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7 responses to “214. Wild Barts Can’t Be Broken

  1. i liked how homer switched on kent when he said “even if they lose,” flying into an unreasonable rage (“THOSE LOSERS!!!”) only to switch right back (“WOO!! NOT OVER!!”). whenever i can, i try to quote “there you have it.. ‘woo.'”

  2. “Actually, we prefer to stay” is a line I still use regularly.

  3. This episode is almost entirely the reason why I like The Simpsons – Season 10 and feel it should have lasted for 11 seasons.

    The Simpsons was made for this – intelligent, biting, and witty cultural satire. Springfield was its own mini-form of American society, that’s why it never mattered what state it was in.

    It’s interesting this is is one of the episodes not written by John Swartzwelder, and yet one of the most libertarian – a valiant cry against the government-regulated nanny state America has indeed become.

    I was picked up, had my face shoved into the ground, and was treated like shit over these bullcrap laws when I was 16 and I thank The Simpsons for making me aware that they existed in the first place. There were no signs posted in my neighborhood (still aren’t) and when I pointed this out all I got was a “Shut up, kid” and a “Ain’t no sign tellin’ you not to kill people, either” from the resident asshole wage-monkeys to Chief Wiggum.

    I considered myself a law-abiding citizen and a sophisticated mature person even at 16 and I should have been allowed to have my own opinions on the law and know that the police are out there working to keep the streets free from criminals to keep us safe. But unfortunately when I was robbed at school and told by all involved it was my fault for leaving property unattended and the police could do nothing to stop it, I realized that the police are so incapable of handling actual crime they must make the law-abiding citizens into criminals at every chance they get to prop up their arrest quotas and boost their own egos to get a power trip. Laws are written for the police and the best in blue protect and serve themselves.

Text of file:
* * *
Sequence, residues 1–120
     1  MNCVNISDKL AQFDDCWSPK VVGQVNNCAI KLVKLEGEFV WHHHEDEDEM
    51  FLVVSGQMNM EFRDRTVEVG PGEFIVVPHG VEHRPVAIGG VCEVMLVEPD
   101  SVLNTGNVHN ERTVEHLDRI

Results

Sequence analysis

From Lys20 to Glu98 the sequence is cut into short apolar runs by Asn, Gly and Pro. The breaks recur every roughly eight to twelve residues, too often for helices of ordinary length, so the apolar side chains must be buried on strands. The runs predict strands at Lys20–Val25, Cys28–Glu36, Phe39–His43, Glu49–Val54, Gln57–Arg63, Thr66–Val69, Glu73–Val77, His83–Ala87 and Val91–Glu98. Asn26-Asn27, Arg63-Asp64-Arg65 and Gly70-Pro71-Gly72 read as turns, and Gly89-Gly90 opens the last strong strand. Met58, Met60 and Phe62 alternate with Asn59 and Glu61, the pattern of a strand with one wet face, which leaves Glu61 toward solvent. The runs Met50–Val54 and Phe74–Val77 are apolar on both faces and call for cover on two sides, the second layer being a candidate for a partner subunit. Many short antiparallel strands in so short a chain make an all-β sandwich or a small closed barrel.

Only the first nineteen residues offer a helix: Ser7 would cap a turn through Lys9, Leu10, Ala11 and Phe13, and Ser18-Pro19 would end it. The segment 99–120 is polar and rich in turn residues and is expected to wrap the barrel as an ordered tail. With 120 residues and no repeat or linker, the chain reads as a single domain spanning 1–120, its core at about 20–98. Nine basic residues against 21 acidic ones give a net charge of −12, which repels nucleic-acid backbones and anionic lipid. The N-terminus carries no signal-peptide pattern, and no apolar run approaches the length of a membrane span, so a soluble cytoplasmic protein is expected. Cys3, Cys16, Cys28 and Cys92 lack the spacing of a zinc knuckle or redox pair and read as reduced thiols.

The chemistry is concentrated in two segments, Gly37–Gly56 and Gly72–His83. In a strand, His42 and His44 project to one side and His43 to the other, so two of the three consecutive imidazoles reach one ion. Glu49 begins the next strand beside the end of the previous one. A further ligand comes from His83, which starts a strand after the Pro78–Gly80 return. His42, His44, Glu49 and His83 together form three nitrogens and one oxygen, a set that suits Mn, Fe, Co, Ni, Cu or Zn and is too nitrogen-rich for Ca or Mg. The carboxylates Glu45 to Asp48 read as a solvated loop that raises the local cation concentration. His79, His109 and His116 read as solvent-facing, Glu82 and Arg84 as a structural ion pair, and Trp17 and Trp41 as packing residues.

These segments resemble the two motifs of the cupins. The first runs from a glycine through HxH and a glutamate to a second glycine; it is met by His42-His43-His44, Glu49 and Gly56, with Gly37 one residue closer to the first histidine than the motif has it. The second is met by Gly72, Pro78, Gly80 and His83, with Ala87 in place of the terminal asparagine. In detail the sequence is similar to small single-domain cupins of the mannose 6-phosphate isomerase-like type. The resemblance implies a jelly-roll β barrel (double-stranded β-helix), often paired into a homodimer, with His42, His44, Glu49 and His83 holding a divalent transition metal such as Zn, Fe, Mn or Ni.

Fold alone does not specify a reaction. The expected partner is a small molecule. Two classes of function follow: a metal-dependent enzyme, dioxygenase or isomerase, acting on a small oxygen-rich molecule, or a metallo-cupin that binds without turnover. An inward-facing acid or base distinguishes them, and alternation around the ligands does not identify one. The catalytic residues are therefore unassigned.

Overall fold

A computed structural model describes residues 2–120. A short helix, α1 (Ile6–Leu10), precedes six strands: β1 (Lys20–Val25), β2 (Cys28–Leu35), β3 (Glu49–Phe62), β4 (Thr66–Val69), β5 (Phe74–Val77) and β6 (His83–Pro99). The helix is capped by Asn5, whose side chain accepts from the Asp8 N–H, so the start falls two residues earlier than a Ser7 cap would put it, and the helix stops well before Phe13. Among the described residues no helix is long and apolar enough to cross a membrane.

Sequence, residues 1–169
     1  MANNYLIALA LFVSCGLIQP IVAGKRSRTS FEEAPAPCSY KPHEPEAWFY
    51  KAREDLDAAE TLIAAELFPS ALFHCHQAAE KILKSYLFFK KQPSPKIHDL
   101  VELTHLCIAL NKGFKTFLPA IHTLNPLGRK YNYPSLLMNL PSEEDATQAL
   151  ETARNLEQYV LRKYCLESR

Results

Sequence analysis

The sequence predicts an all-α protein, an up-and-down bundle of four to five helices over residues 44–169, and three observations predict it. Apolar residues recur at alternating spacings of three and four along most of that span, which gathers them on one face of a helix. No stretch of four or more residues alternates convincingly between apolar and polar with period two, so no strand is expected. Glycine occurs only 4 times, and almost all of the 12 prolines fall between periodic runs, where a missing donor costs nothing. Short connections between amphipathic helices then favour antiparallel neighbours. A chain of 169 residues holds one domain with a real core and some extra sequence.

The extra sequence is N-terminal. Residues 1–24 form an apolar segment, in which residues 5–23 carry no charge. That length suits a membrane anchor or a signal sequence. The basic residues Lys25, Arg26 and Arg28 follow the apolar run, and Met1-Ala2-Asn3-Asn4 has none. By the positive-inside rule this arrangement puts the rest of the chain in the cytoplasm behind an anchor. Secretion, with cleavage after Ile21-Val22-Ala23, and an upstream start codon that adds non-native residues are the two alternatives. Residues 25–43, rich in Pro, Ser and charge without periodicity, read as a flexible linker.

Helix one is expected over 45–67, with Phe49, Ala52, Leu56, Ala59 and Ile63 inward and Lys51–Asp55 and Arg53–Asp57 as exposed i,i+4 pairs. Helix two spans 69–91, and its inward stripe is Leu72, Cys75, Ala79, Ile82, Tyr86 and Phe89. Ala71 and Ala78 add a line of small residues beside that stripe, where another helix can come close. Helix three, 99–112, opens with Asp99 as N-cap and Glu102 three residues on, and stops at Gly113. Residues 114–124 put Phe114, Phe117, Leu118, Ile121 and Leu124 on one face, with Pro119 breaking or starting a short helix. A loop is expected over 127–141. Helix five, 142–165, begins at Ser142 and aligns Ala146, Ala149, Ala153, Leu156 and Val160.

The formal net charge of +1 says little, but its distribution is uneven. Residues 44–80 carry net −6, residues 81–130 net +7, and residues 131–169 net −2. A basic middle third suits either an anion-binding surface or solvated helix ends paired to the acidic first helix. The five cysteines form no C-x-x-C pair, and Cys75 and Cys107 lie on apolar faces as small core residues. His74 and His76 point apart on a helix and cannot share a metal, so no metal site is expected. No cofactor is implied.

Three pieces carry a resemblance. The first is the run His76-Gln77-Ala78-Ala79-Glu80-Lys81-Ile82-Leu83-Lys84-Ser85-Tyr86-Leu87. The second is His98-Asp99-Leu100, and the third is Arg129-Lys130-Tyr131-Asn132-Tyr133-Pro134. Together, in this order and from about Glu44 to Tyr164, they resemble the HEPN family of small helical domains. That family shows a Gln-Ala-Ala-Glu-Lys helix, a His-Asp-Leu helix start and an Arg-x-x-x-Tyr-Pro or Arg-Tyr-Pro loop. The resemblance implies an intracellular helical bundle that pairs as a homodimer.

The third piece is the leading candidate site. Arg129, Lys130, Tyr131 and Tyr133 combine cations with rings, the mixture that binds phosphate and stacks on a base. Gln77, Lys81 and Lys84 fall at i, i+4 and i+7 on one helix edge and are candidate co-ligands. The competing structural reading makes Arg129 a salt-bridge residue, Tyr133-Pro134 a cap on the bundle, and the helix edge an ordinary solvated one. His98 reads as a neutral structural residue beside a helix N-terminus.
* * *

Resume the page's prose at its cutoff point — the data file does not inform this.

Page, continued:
The ending is hilarious, one of my all time favorites. Pitch perfect satire, and I commend The Simpsons for being brave enough to come out and say what most wouldn’t dare once the laws stop concerning them.

  4. Episodes like this make me question why Lisa is so adamantly portrayed as a liberal – we see her staunchly opposed to this degree of government interventionism here, but given even at the time Bill Clinton’s high advocacy of these laws, it would make more sense for her to be Green Party.

    But then I suppose Lisa decided to listen to the man-impersonating alien bent on world domination, instead….. “Go ahead! Throw away your vote!” 😄

  5. This is the best post-season 8 episode and maybe the last really good episode of the show. Love the Cyndi Lauper cameo, Scene Missing, Don’t Go There, The Bloodening…so classic!

  6. wow, I didn’t think this one was so late, a real classic.
    I particularly like the fact that the bloodening is so blatantly village of the damned and Frink’s “I have tracked the sygnal and triangulated the vectors to express them as a function of my hand, —- they’re over theaaaaaaerrrr!”

    Actually for how whacky a lot in this one is, it really worked for me, especially the ending, albeit the idea of kids stuck inside with nothing to do of an evening is sort of a mock in these days of the cyber generation.

  7. Let’s not forget Homer’s line after ‘Homer’s Night Out’: “Hello, big Maggie!”